The Powers Of Darkness -- By: Edward M. Merrins
BSac 63:250 (April 1906) p. 300
The Powers Of Darkness
For many centuries it was the universal belief of the Christian church that in the course of its earthly pilgrimage the human soul had not only to contend with the pomps and vanities of this wicked world and all the sinful lusts of the flesh, but was also exposed to the more subtle assaults of Satan, and an appalling array of hostile spirits, designated by St. Paul as the principalities, the powers, the world-rulers of this darkness, the spiritual hosts of wickedness in the heavenly places. During this long period the dread of infernal spirits weighed heavily on the minds of men, and multitudes were supposed to be in their thrall. In fact, demoniacal possession was thought to be so very common, it was the custom of the church to exorcise all infants and adults before baptizing them. The Reformation brought little or no change in this respect. Knox, Luther, and Calvin did not wholly reject the Catholic teaching concerning possession, sorcery, and witchcraft. The Church of England in its earliest prayer-book retained the forms of exorcism, and as late as the sixteenth century a canon of the church forbade any minister’s attempting to expel devils unless specially licensed to do so by his bishop. Of late there has been a great change in Christian thought. In the Roman Catholic Church exorcism still precedes baptism, but otherwise the ceremony, except in secluded corners of the world, is rarely performed.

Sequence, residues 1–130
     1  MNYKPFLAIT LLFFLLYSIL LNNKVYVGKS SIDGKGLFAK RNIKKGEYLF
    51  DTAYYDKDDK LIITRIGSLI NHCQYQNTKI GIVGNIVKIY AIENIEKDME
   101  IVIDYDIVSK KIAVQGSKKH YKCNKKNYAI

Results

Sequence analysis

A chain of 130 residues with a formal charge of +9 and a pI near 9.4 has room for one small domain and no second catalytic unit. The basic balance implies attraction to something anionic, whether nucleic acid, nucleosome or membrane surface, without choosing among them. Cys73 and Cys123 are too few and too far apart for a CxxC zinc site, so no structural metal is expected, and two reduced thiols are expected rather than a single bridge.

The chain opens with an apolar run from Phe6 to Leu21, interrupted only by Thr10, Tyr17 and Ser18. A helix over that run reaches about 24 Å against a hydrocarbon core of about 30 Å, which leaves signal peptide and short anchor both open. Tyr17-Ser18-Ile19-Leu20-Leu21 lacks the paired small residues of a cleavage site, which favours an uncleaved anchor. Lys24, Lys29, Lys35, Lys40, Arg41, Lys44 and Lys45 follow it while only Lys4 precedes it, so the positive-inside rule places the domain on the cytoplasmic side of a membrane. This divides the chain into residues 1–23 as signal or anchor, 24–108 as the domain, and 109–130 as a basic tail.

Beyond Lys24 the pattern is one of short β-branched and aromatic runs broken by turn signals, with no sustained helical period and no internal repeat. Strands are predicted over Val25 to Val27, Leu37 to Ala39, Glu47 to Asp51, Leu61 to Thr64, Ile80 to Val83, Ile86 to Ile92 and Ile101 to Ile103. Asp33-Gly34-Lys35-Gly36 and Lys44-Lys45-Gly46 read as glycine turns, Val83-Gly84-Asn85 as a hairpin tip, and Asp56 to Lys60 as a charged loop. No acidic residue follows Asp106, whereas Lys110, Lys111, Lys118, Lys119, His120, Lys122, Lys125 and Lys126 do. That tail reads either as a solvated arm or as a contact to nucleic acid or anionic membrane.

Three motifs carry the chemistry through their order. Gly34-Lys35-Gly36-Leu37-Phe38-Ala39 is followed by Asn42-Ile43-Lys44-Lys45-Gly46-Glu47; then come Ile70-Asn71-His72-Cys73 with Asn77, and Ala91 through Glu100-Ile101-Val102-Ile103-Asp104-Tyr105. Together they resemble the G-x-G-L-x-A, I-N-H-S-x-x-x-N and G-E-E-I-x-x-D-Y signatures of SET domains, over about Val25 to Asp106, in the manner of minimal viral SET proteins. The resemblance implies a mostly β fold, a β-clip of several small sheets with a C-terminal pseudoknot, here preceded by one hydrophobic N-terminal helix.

Among the Protestants, the opinion that the human person-
BSac 63:250 (April 1906) p. 301
ality can be held in thrall in this manner is still held by very many, but it has little influence on the ethical or spiritual life; speaking generally, the belief “has been relegated to the dim, twilight land that surrounds every living faith; the land not of death, but of the shadow of death; the land of the unrealized and the inoperative.” A recent and widely commended compendium of Protestant theology makes no reference whatever to Satan or other evil spirits. Seldom do the clergy nowadays venture to awaken repentance, after the manner of Jonathan Edwards, by preaching fiery sermons depicting the terrors and sufferings of souls in hell, for not many could do so sincerely and without mental reservation, and they know that such discourses have not the same power as formerly to move the hearts and consciences of educated people in their congregations. Yet it seems impossible to consign the subject to the limbo of exploded superstitions. There are mental and physical disorders still to be met with, especially in heathen lands, so closely resembling the manifestations of demon possession as recorded in the New Testament, as to compel attention, and make men wonder whether, after all, there are not mysterious ...
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